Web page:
Francis R. Palmer, III, MD
Beverly Hills Facial Plastic Surgeon
4.5 out of 5 stars 12 reviews

Heavy Eyelids

+1

There could be anumber of different causes to your problem, each one with a different answer to yoour question. Please resubmit your question with photos for the best answer.

Ronald V. DeMars, MD
Portland Plastic Surgeon
5.0 out of 5 stars 13 reviews

You are describing ptosis, but we need to see a photo without smiling

+1

A droopy eyelid [ptosis] is very different than excess upper eyelid skin [heavy skin fold] or a droopy eyebrow.

The surgery to correct these problems are vastly different, and do not be fooled, by "all you need is to have a little skin removed".

An experienced surgeon will be able to differentiate between these subtleties. An evaluation by an ASOPRS trained Oculoplastic surgeon would be ideal. Find one on ASOPRS dot org in your area.

Good luck

A.J. Amadi, MD
Seattle Oculoplastic Surgeon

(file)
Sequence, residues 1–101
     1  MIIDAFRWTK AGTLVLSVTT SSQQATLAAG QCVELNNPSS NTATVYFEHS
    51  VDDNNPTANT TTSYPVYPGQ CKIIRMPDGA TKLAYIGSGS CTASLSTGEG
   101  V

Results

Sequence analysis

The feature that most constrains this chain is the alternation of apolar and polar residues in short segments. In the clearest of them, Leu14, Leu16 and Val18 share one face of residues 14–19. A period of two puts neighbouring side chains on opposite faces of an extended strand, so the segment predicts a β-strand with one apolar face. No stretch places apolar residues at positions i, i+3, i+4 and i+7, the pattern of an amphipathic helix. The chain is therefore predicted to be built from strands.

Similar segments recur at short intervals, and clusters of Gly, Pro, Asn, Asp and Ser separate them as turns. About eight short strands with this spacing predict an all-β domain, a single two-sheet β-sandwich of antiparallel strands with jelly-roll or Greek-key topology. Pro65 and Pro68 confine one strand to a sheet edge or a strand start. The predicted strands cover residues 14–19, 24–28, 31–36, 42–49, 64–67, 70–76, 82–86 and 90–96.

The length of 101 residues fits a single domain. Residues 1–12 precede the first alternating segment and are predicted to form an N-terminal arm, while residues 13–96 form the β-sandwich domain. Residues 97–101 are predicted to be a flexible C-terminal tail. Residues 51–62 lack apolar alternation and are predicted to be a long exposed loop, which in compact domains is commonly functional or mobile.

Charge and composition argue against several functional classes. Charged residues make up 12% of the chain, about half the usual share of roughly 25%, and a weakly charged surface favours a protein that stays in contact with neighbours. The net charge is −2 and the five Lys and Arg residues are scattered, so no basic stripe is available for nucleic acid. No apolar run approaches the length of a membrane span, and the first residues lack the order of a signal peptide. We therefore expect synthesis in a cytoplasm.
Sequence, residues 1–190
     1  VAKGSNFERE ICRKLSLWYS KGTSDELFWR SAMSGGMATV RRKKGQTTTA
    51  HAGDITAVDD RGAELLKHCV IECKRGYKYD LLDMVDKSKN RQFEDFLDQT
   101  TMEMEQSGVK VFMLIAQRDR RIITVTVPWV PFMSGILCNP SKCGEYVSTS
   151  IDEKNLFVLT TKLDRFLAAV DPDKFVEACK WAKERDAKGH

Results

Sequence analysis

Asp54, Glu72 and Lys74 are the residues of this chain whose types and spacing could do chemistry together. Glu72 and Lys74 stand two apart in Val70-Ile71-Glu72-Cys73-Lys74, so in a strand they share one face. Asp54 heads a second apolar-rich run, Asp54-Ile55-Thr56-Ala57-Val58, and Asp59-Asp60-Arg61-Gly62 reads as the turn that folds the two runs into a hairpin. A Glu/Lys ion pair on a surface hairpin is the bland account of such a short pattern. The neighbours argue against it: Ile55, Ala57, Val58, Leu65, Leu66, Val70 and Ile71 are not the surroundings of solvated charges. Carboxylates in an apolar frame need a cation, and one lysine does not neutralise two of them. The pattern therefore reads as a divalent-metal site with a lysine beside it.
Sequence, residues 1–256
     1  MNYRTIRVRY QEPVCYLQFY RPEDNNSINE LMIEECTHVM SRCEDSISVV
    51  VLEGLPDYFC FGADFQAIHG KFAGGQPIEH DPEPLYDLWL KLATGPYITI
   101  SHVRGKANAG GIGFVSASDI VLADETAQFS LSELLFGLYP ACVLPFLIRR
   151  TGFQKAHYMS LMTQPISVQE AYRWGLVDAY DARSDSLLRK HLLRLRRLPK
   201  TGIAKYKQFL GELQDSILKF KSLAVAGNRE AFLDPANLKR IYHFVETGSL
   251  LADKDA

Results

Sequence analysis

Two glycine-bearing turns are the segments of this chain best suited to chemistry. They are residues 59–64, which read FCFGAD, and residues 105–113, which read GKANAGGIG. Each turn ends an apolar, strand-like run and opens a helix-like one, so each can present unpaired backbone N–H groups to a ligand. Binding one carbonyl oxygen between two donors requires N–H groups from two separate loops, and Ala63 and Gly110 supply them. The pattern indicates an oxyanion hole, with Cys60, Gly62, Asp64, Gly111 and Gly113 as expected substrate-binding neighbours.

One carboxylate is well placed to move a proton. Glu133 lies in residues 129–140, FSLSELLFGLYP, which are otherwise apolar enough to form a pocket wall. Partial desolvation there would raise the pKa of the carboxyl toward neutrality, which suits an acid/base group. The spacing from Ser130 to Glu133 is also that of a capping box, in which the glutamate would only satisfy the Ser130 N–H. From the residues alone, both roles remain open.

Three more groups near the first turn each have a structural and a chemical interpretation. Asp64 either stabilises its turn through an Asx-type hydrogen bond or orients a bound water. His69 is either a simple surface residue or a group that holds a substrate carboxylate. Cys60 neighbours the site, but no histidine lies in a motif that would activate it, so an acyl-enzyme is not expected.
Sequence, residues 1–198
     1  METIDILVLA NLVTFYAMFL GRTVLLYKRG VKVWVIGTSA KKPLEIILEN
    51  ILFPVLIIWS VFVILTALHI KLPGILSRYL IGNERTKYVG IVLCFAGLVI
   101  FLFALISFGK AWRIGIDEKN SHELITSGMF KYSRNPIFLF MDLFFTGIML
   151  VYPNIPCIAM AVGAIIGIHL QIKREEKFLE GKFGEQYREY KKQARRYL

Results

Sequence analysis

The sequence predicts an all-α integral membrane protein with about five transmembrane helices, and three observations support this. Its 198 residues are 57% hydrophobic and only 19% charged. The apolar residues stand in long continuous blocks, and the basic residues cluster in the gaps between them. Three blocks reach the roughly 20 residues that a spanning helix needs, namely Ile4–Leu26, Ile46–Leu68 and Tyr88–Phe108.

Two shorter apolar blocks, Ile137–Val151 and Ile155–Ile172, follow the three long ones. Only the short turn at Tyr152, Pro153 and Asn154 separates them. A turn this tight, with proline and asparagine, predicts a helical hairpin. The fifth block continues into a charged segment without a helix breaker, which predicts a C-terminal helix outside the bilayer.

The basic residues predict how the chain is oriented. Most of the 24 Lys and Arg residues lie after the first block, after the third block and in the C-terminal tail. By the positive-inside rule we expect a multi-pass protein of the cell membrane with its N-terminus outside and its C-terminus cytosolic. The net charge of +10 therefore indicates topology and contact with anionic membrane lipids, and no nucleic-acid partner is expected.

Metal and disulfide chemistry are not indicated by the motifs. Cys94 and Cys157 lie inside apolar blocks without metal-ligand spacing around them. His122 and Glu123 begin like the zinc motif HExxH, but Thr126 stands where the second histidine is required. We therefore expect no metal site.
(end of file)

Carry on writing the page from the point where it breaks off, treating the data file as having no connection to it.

5.0 out of 5 stars 21 reviews

Droopy Eyelid Skin vs Droopy Eyelid Muscle (Ptosis)

+1

Without seeing a photo of you it is all a bit speculative, however, I will give my opinion based on your description.

First, is this condition only visible in photos?  If so, you may just have an over-reaction to the flash and actually be blinking. 

If the condition is present when you are examining yourself in the mirror, looking straight forward in a relaxed state, then you might have levator ptosis.  This is a condition where the muscle (levator palpebrae muscle) that opens the eye has a poor attachment to the eyelid.  This condition can be acquired with age or it can be congenital (born with it).  At the age of 31 you likely would have a congenital version or partially congenital and partially acquired.  Either way, the treatment is surgical and involves shortening and strengthening the attachment between the eyelid muscle and the eyelid itself.  Depending on the details, this can be done through the skin on the outside of the eyelid or through the underside of the eyelid (conjunctiva).  The operation is generally easy to recover from with little down-time and usually no pain.  Success rates are very good with the most common problem being that the two eyes are slightly different afterward.

Louis W. Apostolakis, MD
Austin Facial Plastic Surgeon
4.5 out of 5 stars 15 reviews

These answers are for educational purposes and should not be relied upon as a substitute for medical advice you may receive from your physician. If you have a medical emergency, please call 911. These answers do not constitute or initiate a patient/doctor relationship.